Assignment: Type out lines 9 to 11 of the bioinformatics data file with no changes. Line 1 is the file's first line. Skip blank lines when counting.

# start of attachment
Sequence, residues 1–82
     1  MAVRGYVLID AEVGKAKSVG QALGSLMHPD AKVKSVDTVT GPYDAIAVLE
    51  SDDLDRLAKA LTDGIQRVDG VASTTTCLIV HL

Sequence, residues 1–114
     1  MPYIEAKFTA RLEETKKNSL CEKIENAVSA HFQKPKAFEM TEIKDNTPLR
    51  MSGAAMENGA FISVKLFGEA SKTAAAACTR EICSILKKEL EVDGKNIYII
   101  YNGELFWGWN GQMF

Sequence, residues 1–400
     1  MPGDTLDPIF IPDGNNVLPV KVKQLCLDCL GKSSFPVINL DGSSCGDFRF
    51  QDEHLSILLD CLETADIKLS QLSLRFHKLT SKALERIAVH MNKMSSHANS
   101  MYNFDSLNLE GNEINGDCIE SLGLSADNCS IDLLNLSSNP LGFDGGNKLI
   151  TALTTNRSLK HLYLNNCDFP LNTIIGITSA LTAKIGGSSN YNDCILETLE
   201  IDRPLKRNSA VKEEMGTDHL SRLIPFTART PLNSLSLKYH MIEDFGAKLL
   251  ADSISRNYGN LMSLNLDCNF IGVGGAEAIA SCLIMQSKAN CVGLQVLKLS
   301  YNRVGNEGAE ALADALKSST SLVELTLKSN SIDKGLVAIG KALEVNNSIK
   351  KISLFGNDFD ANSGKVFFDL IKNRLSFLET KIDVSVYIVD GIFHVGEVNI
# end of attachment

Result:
     1  MPGDTLDPIF IPDGNNVLPV KVKQLCLDCL GKSSFPVINL DGSSCGDFRF
    51  QDEHLSILLD CLETADIKLS QLSLRFHKLT SKALERIAVH MNKMSSHANS
   101  MYNFDSLNLE GNEINGDCIE SLGLSADNCS IDLLNLSSNP LGFDGGNKLI